Nelson, B; Kurischeko, C; Horecka, J. et al.  2003.  RAM: A conserved signaling network that regulates Ace2p transcriptional activity and polarized morphogenesis.  Molecular Biology of the Cell.  14(9):3782-3803

Hasan S;  Hassa, PO;  Imhof, R. et al. 2001.  Transcription coactivator p300 binds PCNA and may have a role in DNA repair synthesis.  Nature. 410(6826):387-391  

 

Recommended Articles:

Bottcher, RT; Wiesner, S; Braun, A. et al.  2009.   Profilin 1 is required for abscission during late cytokinesis of chondrocytes.  EMBO Journal. 28(8):1157-1169

Neumann, FR; Nurse, P.  2007.  Nuclear size control in fission yeast.  Journal of Cell Biology. 179(4):593-600

 Drewes, G; Nurse, P.  2003.  The protein kinase kin1, the fission yeast orthologue of mammalian MARK/PAR-1, localises to new cell ends after mitosis and is important to bipolar growth.  FEBS Letters. 554(1-2):45-49

Arellano, M; Niccoli, T; Nurse, P.  2002.  Tea3p is a cell end marker activating polarized growth in Schizosaccharomyces pombe. Current Biology. 12(9):751-756

Hirata, D; Kishimoto, N; Suda, M. et al.  2002.  Fission yeast Mor2/Cps12, a protein similar to Drosophila Furry, is essential for cell morphogenesis and its mutation induces Wee1-dependent G92) delay.   EMBO Journal.   21(18):4863-4874 

Bahler, J; Nurse, P.  2001.  Fission yeast Pom1p kinase activity is cell cycle regulated and essential for cellular symmetry during growth and division. EMBO Journal. 20(5):1064-1073 

Browning, H.; Hayles, J; Mata, J. et al.   2000.  Tea2p is a kinesin-like protein required to generate polarized growth in fission yeast.  Journal of Cell Biology.  151(1):15-27 

Sawin, KE; Hajibacheri, M.A.Nassar; Nurse, P.  1999.  Mis-specification of cortical identity in a fission yeast PAK mutant.  Current  Biology. 9(22):1335-1338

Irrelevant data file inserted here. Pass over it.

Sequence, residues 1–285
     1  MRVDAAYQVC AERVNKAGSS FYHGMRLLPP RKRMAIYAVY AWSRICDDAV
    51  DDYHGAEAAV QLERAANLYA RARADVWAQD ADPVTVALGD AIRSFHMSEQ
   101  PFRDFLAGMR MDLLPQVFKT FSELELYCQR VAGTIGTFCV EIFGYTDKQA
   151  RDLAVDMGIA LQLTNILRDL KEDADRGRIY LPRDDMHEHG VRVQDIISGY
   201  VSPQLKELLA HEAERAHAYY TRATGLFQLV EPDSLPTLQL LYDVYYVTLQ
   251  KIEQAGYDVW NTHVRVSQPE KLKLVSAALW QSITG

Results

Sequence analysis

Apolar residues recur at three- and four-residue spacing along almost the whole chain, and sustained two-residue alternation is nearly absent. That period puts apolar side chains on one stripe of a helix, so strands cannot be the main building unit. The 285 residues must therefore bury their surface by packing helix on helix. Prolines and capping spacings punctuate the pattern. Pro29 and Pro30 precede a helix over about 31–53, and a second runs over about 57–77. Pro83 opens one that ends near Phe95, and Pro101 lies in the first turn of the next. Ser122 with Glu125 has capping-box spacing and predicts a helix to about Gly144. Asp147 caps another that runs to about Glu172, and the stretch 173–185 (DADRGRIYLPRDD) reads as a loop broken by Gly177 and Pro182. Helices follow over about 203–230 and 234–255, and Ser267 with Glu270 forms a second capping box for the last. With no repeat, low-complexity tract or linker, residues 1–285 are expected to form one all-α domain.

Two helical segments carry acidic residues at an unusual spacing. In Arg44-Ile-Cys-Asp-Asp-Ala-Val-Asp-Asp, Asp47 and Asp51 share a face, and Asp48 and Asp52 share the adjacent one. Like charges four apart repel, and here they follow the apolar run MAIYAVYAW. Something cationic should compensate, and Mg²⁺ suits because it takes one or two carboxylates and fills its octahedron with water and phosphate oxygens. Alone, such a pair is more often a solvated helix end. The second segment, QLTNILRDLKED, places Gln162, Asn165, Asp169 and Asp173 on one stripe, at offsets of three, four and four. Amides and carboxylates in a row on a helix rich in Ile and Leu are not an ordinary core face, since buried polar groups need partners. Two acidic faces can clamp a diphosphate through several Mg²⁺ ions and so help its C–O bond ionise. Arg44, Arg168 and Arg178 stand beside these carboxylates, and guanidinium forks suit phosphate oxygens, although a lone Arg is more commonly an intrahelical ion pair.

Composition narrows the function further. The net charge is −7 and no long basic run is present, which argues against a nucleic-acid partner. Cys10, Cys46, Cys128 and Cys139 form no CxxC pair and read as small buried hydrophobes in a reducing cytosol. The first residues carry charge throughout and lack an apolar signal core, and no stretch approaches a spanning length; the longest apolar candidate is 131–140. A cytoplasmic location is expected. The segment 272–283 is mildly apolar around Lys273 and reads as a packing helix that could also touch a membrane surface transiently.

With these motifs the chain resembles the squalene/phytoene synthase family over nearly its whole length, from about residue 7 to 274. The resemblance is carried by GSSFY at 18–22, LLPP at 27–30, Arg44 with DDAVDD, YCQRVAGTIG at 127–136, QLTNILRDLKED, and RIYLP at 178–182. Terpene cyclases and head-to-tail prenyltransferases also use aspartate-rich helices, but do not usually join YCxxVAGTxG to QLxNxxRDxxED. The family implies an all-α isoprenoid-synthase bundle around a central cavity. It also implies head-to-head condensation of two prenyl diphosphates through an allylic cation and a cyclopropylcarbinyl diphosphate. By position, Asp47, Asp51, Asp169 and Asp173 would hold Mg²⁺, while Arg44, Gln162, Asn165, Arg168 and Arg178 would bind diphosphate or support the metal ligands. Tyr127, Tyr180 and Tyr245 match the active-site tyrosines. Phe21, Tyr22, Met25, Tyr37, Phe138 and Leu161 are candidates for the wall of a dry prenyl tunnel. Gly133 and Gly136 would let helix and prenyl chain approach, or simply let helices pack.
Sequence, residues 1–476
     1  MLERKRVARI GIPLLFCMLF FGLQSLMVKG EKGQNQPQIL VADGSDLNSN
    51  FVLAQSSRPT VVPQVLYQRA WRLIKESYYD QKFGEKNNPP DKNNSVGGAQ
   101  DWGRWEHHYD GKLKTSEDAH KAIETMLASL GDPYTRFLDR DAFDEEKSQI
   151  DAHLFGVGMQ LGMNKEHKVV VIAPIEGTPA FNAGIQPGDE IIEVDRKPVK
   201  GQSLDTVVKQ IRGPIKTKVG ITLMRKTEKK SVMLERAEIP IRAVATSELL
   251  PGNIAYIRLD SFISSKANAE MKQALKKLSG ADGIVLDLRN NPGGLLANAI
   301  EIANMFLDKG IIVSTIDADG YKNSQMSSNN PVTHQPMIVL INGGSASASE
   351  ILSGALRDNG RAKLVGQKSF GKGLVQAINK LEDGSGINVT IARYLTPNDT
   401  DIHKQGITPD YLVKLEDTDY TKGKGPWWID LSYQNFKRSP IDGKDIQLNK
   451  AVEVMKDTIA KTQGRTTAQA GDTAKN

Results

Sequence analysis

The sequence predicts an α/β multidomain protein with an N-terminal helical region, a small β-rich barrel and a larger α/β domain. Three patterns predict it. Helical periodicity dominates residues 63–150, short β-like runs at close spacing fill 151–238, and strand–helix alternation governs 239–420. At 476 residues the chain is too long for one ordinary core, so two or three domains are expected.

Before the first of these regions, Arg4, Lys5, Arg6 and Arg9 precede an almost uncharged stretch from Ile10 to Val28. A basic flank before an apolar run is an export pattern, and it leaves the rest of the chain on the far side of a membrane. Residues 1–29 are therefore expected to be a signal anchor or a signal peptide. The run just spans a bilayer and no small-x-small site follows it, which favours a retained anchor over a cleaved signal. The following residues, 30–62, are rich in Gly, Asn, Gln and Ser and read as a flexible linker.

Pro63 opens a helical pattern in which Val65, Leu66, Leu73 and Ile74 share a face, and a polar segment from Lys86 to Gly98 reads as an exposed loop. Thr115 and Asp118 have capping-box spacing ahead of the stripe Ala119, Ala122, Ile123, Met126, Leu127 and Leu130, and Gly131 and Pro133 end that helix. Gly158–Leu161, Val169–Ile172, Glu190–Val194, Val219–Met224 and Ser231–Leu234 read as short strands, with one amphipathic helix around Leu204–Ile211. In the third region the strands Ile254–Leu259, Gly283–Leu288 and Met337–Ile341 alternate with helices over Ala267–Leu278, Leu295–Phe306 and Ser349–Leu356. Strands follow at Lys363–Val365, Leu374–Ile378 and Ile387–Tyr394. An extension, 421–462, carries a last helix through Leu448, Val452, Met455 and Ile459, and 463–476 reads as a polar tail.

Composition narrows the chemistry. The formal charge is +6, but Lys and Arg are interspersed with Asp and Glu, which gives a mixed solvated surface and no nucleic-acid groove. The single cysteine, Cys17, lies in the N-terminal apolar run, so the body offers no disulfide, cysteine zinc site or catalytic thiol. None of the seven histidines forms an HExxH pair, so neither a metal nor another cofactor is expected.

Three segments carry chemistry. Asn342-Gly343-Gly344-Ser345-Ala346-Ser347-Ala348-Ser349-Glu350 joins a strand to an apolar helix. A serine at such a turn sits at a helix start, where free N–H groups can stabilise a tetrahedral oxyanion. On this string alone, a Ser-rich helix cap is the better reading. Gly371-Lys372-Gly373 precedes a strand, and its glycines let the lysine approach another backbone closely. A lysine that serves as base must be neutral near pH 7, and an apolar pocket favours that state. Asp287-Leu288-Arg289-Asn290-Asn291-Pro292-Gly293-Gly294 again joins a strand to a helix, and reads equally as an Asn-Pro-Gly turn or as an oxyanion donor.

Chang, F; Drubin, D; Nurse, P.  1997.  cdc12p, a protein require for cytokinesis in fission yeast, is a component of  the cell divisions ring and interacts with profiling. Journal of Cell Biology.  137(1):169-182

 

 

 

 

 

 

 

 

 

 

 

 

Study Reveals Effects of Cocaine on Genome Structure and Function

Repeated use of addictive drugs such as cocaine causes long-lasting changes in parts of the brain involved in motivation and reward, among others, yet the precise mechanisms by which these changes are maintained are poorly understood. A new study by scientists supported by the National Institute on Drug Abuse (NIDA), published May 14, 2009 in the journal Neuron, sheds light on this process by providing fundamental new insights into the effects of cocaine on the structure and function of the genome, the complete set of DNA instructions needed to make an organism.

Investigators led by Eric Nestler, M.D., Ph.D., of Mount Sinai School of Medicine in New York, used a powerful new molecular analysis technique, known as ChIP-chip, to observe changes in gene activity in the brains of laboratory mice injected with cocaine.   The study demonstrated, for the first time, that a family of genes called the sirtuins are activated in the nucleus accumbens by chronic cocaine administration and contribute to addiction-related behaviors in animal models.

These findings raise the possibility of using sirtuin inhibitors as treatment agents for cocaine addiction. Further analysis of other genes activated and inhibited by cocaine may help to identify additional therapeutic targets for addiction treatment.

Recommended Readings: Gerald Crabtree, M.D.; June 5, 2009

Friday Lecture Series

“Understanding the Words of Chromatin Remodeling”

Gerald Crabtree, M.D.

Stanford University

June 5, 2009

3:45 p.m.-5:00 p.m. (Refreshments, 3:15 p.m., Abby Lounge)

Caspary Auditorium

Recommended Articles:

Wu, J. I., J. Lessard, and G. R. Crabtree. 2009. Understanding the words of chromatin regulation. Cell. 136(2):200-206.

 

Lessard, J., J. I. Wu, J. A. Ranish, M. Wan, M. M. Winslow, B. T. Staahl, H. Wu, R. Aebersold, I. A. Graef, and G. R. Crabtree. 2007. An essential switch in subunit composition of a chromatin remodeling complex during neural development. Neuron. 55(2):201-215.

 

Chi, T. H., M. Wan, P. P. Lee, K. Akashi, D. Metzger, P. Chambon, C. B. Wilson, and G. R. Crabtree. 2003. Sequential roles of brg, the ATPase subunit of BAF chromatin remodeling complexes, in thymocyte development. Immunity. 19(2):169-182.

 

Rando, O. J., T. H. Chi, and G. R. Crabtree. 2003. Second messenger control of chromatin remodeling. Nature structural biology. 10(2):81-83.

 

Wu, J. I., J. Lessard, I. A. Olave, Z. Qiu, A. Ghosh, I. A. Graef, and G. R. Crabtree. 2007. Regulation of dendritic development by neuron-specific chromatin remodeling complexes. Neuron. 56(1):94-108.